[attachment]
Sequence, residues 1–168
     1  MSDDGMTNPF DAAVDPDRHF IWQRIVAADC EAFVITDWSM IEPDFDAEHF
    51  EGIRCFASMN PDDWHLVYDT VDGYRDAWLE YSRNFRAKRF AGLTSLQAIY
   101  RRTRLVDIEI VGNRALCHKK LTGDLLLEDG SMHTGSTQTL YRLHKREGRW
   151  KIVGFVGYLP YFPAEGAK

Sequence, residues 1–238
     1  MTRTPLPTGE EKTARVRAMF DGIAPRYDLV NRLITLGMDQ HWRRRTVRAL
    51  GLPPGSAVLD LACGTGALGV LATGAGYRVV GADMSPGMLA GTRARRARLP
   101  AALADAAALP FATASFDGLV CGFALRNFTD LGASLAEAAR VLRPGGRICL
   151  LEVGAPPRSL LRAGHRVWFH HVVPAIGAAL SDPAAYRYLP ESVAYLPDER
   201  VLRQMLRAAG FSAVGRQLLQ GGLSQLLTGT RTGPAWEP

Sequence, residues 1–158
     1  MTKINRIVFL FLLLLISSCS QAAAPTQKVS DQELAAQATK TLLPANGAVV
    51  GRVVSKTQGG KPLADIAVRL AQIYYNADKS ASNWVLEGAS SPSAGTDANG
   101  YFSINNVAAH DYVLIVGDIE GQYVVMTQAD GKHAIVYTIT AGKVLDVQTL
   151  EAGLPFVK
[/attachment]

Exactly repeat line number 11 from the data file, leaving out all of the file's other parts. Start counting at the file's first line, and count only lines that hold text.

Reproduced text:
   201  VLRQMLRAAG FSAVGRQLLQ GGLSQLLTGT RTGPAWEP